But the probe is already being derided as a sham. How seriously would we take an investigation into Iraq’s missing “weapons of mass destruction” if it was headed by Dick Cheney? Would we accept an examination of racial profiling if it was led by John Ashcroft? Of course not. It would be a farce. And so it is with Senator Mitchell in charge. Mitchell is on the board of the Boston Red Sox. He is also chairman of The Walt Disney Co., the parent company of ESPN, the main national broadcast partner of baseball. In other words, he has an actual material interest in keeping the spotlight off the owners, including what they knew and when they knew it, and keeping it on the players. Particularly Barry Bonds.
According to one writer with a serious pipeline into the commissioner’s office, Richard Justice, the investigation is “Totally [aimed at Barry Bonds.] He is the number one player going for the most hallowed record… There may be other names that come out but this is all about Barry Bonds… Bud wants the prescription, well more than perception, that he is doing this the right way…I promise you he will not get the chance to break Hank Aaron’s record. I will be willing to bet you. I think Henry Aaron and Bud Selig will be grilling brauts in Bud’s backyard.”
In other words, this is all smoke in our eyes, blurring the fact that this really about getting Bonds out of the game before he passes Aaron. Is this racially motivated? The question is too simplistic. The fact is that Bud Selig is deflecting criticism off the owners by putting the heat on the most prominent player in the game who happens to be Black. Whether this is conjured up in some back room or not is beside the point. MLB owners seem willing to sacrifice Bonds if it keeps Congress and the public off their backs. This is why some prominent baseball people are loudly speaking a word rarely said in the world of sports: race.
All-star Minnesota Twin Torii Hunter, another of baseball’s dwindling African-American superstars, called the investigation “stupid.” “They can say what they want, but there’s no way they would launch an investigation if Barry Bonds was not about to break Babe Ruth’s record,” Hunter said. “It’s so obvious what’s going on. He has never failed a drug test and said he never took steroids, but everybody keeps trying to disgrace him. How come nobody even talks about Mark McGwire anymore? Or (Rafael) Palmeiro (who tested positive for steroids in 2005)? Whenever I go home I hear people say all of the time, ‘Baseball just doesn’t like black people.’ Here’s the greatest hitter in the game, and they’re scrutinizing him like crazy.’ It’s killing me because you know it’s about race.”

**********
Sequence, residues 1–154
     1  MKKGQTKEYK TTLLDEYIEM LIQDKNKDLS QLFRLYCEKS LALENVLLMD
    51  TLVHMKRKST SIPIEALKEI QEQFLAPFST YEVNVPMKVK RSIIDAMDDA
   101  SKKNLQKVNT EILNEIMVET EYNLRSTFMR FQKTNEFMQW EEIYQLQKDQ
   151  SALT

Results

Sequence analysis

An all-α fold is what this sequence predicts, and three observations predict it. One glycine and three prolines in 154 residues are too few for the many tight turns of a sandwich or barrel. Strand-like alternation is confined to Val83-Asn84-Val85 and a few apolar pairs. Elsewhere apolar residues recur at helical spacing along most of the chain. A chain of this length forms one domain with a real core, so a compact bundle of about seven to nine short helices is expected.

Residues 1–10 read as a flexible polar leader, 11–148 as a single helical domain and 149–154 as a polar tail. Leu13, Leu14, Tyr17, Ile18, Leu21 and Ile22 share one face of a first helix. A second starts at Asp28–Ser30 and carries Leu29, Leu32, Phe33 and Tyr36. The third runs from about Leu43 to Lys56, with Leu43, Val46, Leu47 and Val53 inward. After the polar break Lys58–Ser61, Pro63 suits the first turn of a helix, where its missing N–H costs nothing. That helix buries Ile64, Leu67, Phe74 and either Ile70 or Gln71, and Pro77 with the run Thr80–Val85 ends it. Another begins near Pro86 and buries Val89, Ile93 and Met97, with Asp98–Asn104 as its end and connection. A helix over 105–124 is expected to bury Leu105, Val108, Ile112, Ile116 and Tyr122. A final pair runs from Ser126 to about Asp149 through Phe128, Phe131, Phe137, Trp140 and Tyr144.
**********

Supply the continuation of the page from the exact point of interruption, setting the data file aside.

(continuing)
Dave Steward, a former 20 game winner and front office exec who now is an agent, said to one reporter, “People keep talking about how he’s not supposed to keep hitting homers and doing phenomenal things because he’s 40-plus. Well, Roger Clemens is 40-plus, too, and nobody ever brings his name up. Why not? Is it because he’s white?”
Matt Lawton, who unlike Bonds has tested positive for steroids, said, “If (Bonds) were white, he’d be a poster boy in baseball, not an outcast.”
None of this means that any critique of Bonds is inherently racist or that there doesn’t need to be some way to deal with performance enhancers. It means that the overheated rhetoric needs to cease. It means that if baseball decides it doesn’t want steroids in its game, and wants to “clean up its own house” it should realize that it is cheap, gutter politics to focus on one person as if that person is the root of all anabolic evil. They should realize that in the current climate, it emboldens a racist fringe. If they don’t realize it, we sure as hell should.
A couple years ago, Bonds said, “This is something we, as African-American athletes, live with every day. I don’t need a headline that says, ‘Bonds says there’s racism in the game of baseball.’ We all know it. It’s just that some people don’t want to admit it. They’re going to play dumb like they don’t know what the hell is going on.”
That is absolutely right. It’s not defenders of Bonds who are putting race on the table, but whether you are a Bonds supporter or not, all anti-racists need to take it off.
DAVE ZIRIN is the author of “‘What’s My name Fool?’“: Sports and Resistance in the united States. He is speaking at the conference Socialism 2006, June 22-25, in New York City, with Etan Thomas and Toni Smith. See www.socialismconference.org. Contact him at email@example.com